After learning the rules, teaching other players should not take more than 5-10 minutes, which I count towards the advantages of the game. Another thing that appealed to me is the very mechanism of voting on emerging missions. Players do not have to undertake the completion of each mission that appears, and decide on the principle of general voting. The missions themselves are carried out over several rounds, so the members assigned to their implementation will not only have to focus on meeting the requirements of the given task, but also on continuing the normal activities related to keeping the crew alive. This introduces an element of player action management, which forces co-operation and discussion among participants of the game, related to planning the optimal movements of individual characters, especially in situations when it is necessary to sacrifice one of the characters during the course of our way to survival. Speaking of which, one thing that may not be liked by some players is that during an hour and a half of gameplay, they may be forced to put their character to sleep in a hibernation chamber or sacrifice it completely, so they will be forced to sitting at the table for the rest of the game (after losing our first, or even the second, spare crew member, there is of course the possibility of introducing another crew member to the game, although this involves the necessity of spending a huge amount of oxygen, which the other players will rather disagree with, hence one will have to sit out the rest of the game). Among other things, it is this aspect that makes S.S. Omega a semi-cooperative game, but at the same time it was better for me to play alone, because I did not have to burden the other players with a choice that would exclude them from playing. It was easier to make the decision to sacrifice a crew member when there was noone else controlling them. An interesting fact is that the game itself leads to the perception of crew members in such a way, which makes it all the more important to lead the game to a close with the most crew members still alive.
The atmosphere in the game, apart from the elements of negotiation and deciding the fate of crew members, is also created by visual design. We can see the elements of the ship from above, and the sterile rooms are filled with white. Only in some places do we see some scattered papers, a blood trail or an abandoned astronaut suit. The emptiness inside the ship becomes even palpable, thanks to which we can easily feel the sense of dread as we walk around the empty spacecraft wondering what had happened to its original crew. On the other hand, the effect gets spoiled by the low-quality tokens, which constitute half of the components we find in the box. One could argue that, as for a game that costs a tenner, the quality of make is quite good, but it is not exactly the right course of reasoning. At this price, I would perhaps not expect wooden pieces, but I would expect better designed tokens that would not require immediate exchange for something that allowed to be used to track character statistics normally. However, these are minor inconveniences that any player can somehow handle, and the publisher will have a valuable lesson to improve on the occasion of the second edition of the game, if it ever appears.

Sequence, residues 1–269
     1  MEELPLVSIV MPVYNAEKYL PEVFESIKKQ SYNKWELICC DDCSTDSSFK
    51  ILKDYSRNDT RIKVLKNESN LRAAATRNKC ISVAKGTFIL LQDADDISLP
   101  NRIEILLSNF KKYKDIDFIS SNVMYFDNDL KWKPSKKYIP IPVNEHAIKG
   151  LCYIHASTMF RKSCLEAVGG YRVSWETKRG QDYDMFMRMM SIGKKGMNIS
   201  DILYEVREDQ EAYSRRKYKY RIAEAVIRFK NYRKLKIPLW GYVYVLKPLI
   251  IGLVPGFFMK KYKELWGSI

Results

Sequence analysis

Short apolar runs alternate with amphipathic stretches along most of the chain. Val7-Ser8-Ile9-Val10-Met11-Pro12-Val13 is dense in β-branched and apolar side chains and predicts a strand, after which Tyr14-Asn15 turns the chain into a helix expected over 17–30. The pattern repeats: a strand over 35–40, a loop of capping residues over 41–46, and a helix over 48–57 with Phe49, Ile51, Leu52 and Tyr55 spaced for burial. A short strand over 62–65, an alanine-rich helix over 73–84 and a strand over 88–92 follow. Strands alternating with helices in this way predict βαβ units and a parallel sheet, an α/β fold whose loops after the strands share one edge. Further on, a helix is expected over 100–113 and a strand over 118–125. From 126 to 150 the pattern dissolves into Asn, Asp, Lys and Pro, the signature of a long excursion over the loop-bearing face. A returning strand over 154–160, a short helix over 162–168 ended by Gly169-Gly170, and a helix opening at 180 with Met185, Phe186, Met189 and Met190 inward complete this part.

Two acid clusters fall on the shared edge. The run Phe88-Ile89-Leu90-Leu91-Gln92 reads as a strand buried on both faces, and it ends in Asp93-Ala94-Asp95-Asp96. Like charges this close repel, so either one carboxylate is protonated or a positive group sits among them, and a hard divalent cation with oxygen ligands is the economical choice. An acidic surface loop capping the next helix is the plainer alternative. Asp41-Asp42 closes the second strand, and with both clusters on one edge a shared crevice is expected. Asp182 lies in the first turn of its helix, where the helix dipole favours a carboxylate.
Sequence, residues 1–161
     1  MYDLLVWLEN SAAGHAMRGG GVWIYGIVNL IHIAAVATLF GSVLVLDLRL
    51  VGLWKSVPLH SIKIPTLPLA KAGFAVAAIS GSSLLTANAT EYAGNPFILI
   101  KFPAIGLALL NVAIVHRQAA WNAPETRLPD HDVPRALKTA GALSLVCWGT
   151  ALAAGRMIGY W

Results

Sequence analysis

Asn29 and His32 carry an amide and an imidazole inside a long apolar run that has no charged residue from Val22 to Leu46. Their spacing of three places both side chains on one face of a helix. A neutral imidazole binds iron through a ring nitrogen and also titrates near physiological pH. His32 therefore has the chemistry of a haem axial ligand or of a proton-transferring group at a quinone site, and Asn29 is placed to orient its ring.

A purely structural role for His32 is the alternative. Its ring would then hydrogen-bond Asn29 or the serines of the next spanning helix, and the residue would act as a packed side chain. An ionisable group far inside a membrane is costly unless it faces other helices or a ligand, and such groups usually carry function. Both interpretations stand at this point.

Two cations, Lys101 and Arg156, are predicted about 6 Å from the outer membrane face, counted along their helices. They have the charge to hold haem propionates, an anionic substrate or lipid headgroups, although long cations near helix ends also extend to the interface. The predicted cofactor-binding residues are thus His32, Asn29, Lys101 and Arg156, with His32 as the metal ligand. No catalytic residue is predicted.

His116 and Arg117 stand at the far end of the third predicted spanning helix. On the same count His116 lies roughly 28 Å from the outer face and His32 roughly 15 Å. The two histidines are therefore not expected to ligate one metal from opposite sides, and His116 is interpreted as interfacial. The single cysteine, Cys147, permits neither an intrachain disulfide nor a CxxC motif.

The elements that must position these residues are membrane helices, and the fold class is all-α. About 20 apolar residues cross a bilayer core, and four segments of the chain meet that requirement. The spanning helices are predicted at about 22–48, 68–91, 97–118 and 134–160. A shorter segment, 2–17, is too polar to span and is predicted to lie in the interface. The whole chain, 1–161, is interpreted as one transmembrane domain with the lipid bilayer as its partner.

In general, I think S.S. Omega, with a bit of oldschool visuals and a sense of dread that builds as time passes, gives a lot of satisfaction with the game. Especially if the players manage to bring the mission to a happy end. For such a small size, the game really gave me a lot of fun even when playing alone and during the recent holidays often returned to the table. For my part, I definitely recommend this game for both solitaire and group plays, with the provison that sometimes it will be hard to look them in the eye after we unscrupulously push the character they control into the dark abyss of space through the air lock in the hope of saving these few extra breaths of air.
- Compact size of the box, making it easy to transport.
- Gameplay filled with difficult choices (how far we are ready to go to survive).
- Minimalist style of graphics, which has a positive effect on the feeling of isolation on an abandoned ship.
- Gameplay on the border of cooperation and puzzles. You need to plan well to survive until the end.
- The game scales well enough.
- Suitable for solitaire play.
- Large potential due to the announced future scenarios.
- Very badly written instruction. I recommend that you read the tutorial and video on the publisher’s website (link).
- The quality of the tokens and their design leave a lot to be desired. It’s best to replace them with components from other games if you have spares lying around.
- The elimination of players, though well-fixed in the game, means that effectively several people can sit idle at the table, watching as others play.